Sitecore Email Experience Manager (EXM), Importing Contacts and Custom Facets – Part 4

In Sitecore Email Experience Manager (EXM), Importing Contacts and Custom Facets – Part 1, I showed you how you can import contacts from a CSV file into a list in Sitecore. In Sitecore Email Experience Manager (EXM), Importing Contacts and Custom Facets – Part 2, I showed you how you can add to the list of out of the box supported fields when importing contacts into Sitecore. In Sitecore Email Experience Manager (EXM), Importing Contacts and Custom Facets – Part 3, I showed you how you can create your own custom facets and populate them for your contacts as you import them. If you haven’t already read them, head over and read them first.

In Sitecore Email Experience Manager (EXM), Importing Contacts and Custom Facets – Part 4, I’m now going to demonstrate how you can update the Experience Profile for a Contact by Add a new Tab into the User Interface and displaying your Custom Facet information.

Experience Profile Express Tab

Instead of developing all of this code from scratch, we’re going to use a package available in NuGet specifically written for this purpose. No point reinventing the wheel when someone else has already done all the hard work for you.

Experience Profile Express Tab is a package developed to streamline the creation of new tabs in the Experience Profile.

The first step we’ll take is to add the EPExpressTab to our project using NuGet. This will install two packages. EPExpressTab.Core and EXExpressTab. At the time of writing, version 2.0.2 was the latest released version.

To use EP Express Tab, we need to do the following:

  • Create a custom ViewModel that will represent the custom data we wish to display in the Experience Profile Tab
  • Create a custom EPExpressViewModel that will act as a Controller of sorts that will be called by EPExpressTab to populate our custom View Model and pass it to our view
  • Create a View to render the content for out custom tab in Experience Profile

First, let’s create our custom view model. In this example, this will contain just the new Employee fields the same as out custom Facet. Nothing special here. It’s just a standard class to hold our view model.

using System;

namespace Aceik.Feature.EXM.Models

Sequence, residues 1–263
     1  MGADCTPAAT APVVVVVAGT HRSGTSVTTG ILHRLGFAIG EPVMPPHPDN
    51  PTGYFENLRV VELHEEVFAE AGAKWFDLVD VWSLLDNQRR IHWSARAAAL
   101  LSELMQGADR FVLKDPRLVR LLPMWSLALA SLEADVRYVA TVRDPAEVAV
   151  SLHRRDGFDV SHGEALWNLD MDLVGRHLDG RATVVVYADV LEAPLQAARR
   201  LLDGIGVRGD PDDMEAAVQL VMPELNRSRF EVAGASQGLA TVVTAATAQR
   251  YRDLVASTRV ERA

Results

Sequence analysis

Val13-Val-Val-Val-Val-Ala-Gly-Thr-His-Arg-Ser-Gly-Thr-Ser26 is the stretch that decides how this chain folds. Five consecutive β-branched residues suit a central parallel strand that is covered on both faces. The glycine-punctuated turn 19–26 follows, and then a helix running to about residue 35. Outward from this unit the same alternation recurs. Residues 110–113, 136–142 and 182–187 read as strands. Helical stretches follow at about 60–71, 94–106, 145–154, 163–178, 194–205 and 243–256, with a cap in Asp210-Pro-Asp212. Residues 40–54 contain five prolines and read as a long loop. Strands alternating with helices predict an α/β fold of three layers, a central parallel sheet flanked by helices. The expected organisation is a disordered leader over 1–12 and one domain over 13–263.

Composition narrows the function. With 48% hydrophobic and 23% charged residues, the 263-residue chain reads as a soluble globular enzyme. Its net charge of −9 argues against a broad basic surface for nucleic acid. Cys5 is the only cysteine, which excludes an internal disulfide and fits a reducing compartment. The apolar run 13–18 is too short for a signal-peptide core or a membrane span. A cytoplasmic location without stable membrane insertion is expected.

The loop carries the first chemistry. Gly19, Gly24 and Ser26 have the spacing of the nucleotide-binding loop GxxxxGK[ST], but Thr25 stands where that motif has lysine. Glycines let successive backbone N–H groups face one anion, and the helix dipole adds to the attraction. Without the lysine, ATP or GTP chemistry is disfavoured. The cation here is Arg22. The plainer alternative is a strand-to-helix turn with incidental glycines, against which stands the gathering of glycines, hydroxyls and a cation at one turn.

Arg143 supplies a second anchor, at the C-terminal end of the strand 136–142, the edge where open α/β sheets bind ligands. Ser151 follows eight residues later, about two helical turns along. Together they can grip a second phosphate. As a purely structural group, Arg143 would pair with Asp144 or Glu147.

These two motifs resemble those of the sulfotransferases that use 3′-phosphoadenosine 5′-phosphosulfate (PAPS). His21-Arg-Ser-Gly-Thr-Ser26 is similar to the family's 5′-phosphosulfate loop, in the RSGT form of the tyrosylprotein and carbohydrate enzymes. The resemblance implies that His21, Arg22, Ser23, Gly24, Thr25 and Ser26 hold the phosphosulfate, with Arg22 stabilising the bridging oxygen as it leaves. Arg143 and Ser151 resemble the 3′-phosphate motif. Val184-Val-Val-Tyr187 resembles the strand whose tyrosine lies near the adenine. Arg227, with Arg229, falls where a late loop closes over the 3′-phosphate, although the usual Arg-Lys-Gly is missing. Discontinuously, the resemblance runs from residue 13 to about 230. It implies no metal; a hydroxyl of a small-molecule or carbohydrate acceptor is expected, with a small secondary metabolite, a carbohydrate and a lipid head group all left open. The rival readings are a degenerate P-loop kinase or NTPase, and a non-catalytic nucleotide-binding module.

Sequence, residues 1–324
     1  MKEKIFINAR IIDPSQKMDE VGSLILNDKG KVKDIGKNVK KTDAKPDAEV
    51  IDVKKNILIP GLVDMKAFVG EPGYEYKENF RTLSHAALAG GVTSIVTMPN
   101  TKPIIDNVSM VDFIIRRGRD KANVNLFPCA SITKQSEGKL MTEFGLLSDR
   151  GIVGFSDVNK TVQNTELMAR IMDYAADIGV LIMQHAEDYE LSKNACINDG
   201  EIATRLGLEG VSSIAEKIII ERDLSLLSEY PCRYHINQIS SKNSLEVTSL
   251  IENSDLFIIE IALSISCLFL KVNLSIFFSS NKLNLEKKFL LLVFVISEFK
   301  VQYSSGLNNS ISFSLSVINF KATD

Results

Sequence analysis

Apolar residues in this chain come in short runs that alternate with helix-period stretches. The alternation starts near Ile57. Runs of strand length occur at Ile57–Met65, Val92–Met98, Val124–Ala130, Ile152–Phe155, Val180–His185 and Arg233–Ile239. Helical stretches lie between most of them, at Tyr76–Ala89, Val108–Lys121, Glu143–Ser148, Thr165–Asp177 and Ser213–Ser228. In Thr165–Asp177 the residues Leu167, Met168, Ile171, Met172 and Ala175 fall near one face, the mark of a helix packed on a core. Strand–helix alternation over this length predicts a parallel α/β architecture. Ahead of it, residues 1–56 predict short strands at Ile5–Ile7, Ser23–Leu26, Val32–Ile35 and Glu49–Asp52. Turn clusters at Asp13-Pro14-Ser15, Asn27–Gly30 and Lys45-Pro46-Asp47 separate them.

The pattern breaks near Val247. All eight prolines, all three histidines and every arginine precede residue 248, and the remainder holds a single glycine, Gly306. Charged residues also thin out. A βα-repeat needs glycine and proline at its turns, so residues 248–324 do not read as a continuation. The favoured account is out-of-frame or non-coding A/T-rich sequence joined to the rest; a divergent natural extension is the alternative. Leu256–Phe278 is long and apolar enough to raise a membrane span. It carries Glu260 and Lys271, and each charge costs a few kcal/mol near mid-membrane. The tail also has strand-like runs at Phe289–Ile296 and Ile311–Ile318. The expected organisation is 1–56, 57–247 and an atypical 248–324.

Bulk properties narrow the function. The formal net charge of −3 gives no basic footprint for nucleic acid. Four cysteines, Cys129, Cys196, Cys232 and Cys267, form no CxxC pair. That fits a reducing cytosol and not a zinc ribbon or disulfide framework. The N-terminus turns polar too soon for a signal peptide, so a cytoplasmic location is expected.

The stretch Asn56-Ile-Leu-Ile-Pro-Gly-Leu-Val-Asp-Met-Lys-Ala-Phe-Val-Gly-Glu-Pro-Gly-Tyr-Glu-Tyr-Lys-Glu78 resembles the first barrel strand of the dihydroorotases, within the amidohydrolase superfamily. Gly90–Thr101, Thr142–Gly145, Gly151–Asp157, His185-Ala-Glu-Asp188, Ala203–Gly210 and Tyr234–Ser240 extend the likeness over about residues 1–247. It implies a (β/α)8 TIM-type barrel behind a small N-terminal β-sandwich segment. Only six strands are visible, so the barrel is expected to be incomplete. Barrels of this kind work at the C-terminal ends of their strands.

public class EmployeeViewModel
        public string EmployeeId { get; set; }
        public string Department { get; set; }
        public DateTime? StartDate { get; set; }
        public string EmployeeType { get; set; }

Next we need to create our EPExpressTab “Controller” class. This class is called by EPExpressTab and is used to generate the instance of our view model and pass it to the view.

using EPExpressTab.Data;
using EPExpressTab.Repositories;
using System;

namespace Aceik.Feature.EXM.Models
    public class EPCustomModel : EpExpressViewModel
        public override string TabLabel => "Employee";
        public override string Heading => "Employee Details";

        public override object GetModel(Guid contactId)
            Sitecore.XConnect.Contact model = EPRepository.GetContact(contactId, new string[] { EmployeeInfo.DefaultFacetKey });

            var employeeInfo = model.GetFacet<EmployeeInfo>();

            return new EmployeeViewModel
                EmployeeId = employeeInfo?.EmployeeId,
                Department = employeeInfo?.Department,
                StartDate = employeeInfo?.StartDate,
                EmployeeType = employeeInfo?.EmployeeType

        public override string GetFullViewPath(object model)
            return "/views/Aceik/Feature/EXM/Employee.cshtml";

The GetModel method is the action that is called to create the view model instance that will be passed to the view.

The GetFullViewPath method is as described. The method to get the path to the view.

The view itself it pretty straight forward with some inline styles defined, and the html tags etc to render the required custom data.

@model Aceik.Feature.EXM.Models.EmployeeViewModel
    .employee-border {
        padding-top: 10px !important;
        float: left;
        width: 100%;

    .employee-text {
        display: block;
        float: left;
        width: 150px;
        color: #707070;
        clear: both;

    .employee-value {
        clear: unset;
        padding-left: 95px;
        width: calc(100% - 150px);
        color: #121212;
<div class="row">
    <div class="col-md-6">
        <span class="sc-text sc-text-value">Employee</span>
        <div class="sc-border employee-border">
            <span class="sc-text employee-text">Employee Id</span>
            <span class="sc-text employee-text employee-value">@Model.EmployeeId</span>
        <div class="sc-border employee-border">
            <span class="sc-text employee-text">Department</span>
            <span class="sc-text employee-text employee-value">@Model.Department</span>
        <div class="sc-border employee-border">
            <span class="sc-text employee-text">Start Date</span>
            <span class="sc-text employee-text employee-value">
                @if (Model.StartDate.HasValue)
        <div class="sc-border employee-border">
            <span class="sc-text employee-text">Employee Type</span>
            <span class="sc-text employee-text employee-value">@Model.EmployeeType</span>

Once this is deployed, along with the added EpExpressTab.config file that is added to the project with the inclusion of the NuGet package, you can now view the “Employee” tab in the Experience Profile that now shows the custom EmployeeInfo Facet data.

So you can examine the solution for yourself, please see below a link to the zip file containing the full Visual Studio solution, CSV files and a Sitecore package for the Import Map configuration items.

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